> > frames of the strongest frequency bin of the two frames might
> > be able to give you a frequency determination accuracy to
> > within a few cents for some suitable frame sizes and overlaps.
>
> This is an interesting idea.  Am I correct in thinking that in order to
> do this, I would need to caculate where I would expect the phase to be
> at each frame and use the offset from that expected value to determine
> sharpness or flatness?

Any phase change between non-overlapped successive frames
will point out a sharpness or flatness relative to the bin center
frequency.  For overlapped frames, even bin center frequencies
might have an expected phase offset, depending on the bin number
versus the frame overlap percentage.

> Would that work in cases where no bin directly
> corresponds to a frequency I want to measure, as will be the
> case more often than not?

You can compare what would be the phase change of some desired
frequency versus a measured phase change to determine how far
apart the two frequencies are, whether or not either one
corresponds to a bin center frequency.

> Does this technique have a name that I can google for?

Something like this is used in the analysis phase of a phase vocoder
for pitch shifting.  Try googling for "phase vocoder" or vocoding.
You can also try googling for a paper on pitch detection by
Judith Brown at Wellesley, whose algorithm might be worth
looking at if you are not already calculating overlapped FFT
frames.

IMHO. YMMV.
--
rhn A.T nicholson d.O.t C-o-M

```
```Ron N. wrote:
> Any phase change between non-overlapped successive frames
> will point out a sharpness or flatness relative to the bin center
> frequency.  For overlapped frames, even bin center frequencies
> might have an expected phase offset, depending on the bin number
> versus the frame overlap percentage.

This may indicate a lack of my understanding about phase.  I understand
it to mean the point in the sine wave at which the wave begins for the
given bin.  Is this correct?

With this being the case, wouldn't the phase be expected to change from
frame to frame even if the pitch does not unless the frame size is an
integral multiple of the period?  Or perhaps I'm misunderstanding the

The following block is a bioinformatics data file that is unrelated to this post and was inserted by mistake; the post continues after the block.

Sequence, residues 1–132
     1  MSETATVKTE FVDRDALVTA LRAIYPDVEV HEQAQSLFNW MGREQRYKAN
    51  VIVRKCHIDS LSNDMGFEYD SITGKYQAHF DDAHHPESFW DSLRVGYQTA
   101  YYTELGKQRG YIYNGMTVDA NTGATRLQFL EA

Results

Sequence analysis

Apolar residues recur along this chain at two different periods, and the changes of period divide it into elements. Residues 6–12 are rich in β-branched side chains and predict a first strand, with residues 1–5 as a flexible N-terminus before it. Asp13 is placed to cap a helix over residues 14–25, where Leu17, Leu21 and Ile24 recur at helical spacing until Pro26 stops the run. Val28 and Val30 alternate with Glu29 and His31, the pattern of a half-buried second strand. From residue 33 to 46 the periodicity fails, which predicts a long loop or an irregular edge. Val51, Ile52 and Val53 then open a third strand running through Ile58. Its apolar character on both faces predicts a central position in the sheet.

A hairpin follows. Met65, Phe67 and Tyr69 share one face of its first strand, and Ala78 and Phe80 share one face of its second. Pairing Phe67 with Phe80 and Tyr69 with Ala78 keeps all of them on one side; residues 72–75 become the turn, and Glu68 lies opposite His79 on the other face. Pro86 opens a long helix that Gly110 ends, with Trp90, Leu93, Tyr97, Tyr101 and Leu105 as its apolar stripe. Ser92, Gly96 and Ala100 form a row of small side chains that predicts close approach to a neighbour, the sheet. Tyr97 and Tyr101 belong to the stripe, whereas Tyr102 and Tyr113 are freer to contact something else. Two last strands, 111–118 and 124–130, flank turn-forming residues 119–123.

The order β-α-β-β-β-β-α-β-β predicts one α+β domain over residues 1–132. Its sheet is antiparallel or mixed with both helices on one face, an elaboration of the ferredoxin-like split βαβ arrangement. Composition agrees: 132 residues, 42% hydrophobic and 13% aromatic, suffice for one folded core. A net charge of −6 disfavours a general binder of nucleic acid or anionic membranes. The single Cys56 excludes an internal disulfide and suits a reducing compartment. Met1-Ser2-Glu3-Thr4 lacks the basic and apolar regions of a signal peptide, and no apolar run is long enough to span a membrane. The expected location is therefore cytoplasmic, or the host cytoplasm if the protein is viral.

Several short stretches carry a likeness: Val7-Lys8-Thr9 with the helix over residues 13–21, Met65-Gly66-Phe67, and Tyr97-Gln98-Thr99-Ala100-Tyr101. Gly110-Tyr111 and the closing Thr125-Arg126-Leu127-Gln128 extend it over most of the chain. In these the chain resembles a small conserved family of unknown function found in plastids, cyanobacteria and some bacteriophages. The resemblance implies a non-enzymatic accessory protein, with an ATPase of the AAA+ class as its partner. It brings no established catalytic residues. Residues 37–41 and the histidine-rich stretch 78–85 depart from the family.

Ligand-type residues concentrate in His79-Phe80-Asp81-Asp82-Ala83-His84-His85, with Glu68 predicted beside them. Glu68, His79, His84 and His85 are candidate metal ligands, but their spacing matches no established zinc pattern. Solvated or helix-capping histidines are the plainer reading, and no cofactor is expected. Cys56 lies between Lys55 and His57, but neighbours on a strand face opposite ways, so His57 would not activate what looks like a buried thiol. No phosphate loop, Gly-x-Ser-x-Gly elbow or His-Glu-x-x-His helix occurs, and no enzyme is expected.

phrase "bin center."

> Something like this is used in the analysis phase of a phase vocoder
> for pitch shifting.  Try googling for "phase vocoder" or vocoding.
> You can also try googling for a paper on pitch detection by
> Judith Brown at Wellesley, whose algorithm might be worth
> looking at if you are not already calculating overlapped FFT
> frames.

I'll take a look around for these.  Thanks!

--
Brian
```
```Brian Victor wrote:
> Ron N. wrote:
> > Any phase change between non-overlapped successive frames
> > will point out a sharpness or flatness relative to the bin center
> > frequency.  For overlapped frames, even bin center frequencies
> > might have an expected phase offset, depending on the bin number
> > versus the frame overlap percentage.
>
> This may indicate a lack of my understanding about phase.  I understand
> it to mean the point in the sine wave at which the wave begins for the
> given bin.  Is this correct?

Close enough.  Some interpret phase a referenced to the cosine wave.

> With this being the case, wouldn't the phase be expected to change from
> frame to frame even if the pitch does not unless the frame size is an
> integral multiple of the period?  Or perhaps I'm misunderstanding the
> phrase "bin center."

I use the term "bin center frequency" for the frequencies whose
periods in samples are integer submultiples of the FFT frame
length (only multiples up to half the FFT frame length of course).
Any frequency whose period is not an integer submultiple of the
offset of two FFT frames will show a phase change between the two
frames.  Note that it's the relationship between the period and
frame offset, not the frame size, which affects the change in phase
of the sine wave between two frames.  You can use a lot of frame
overlap to get a bit more locality in exchange for resolution.

Also, I think that windowing before the FFT will give you a
better measurement of the phase of your fundamental frequency.

IMHO. YMMV.
--
Ron
rhn A.T nicholson d.O.t C-o-M

```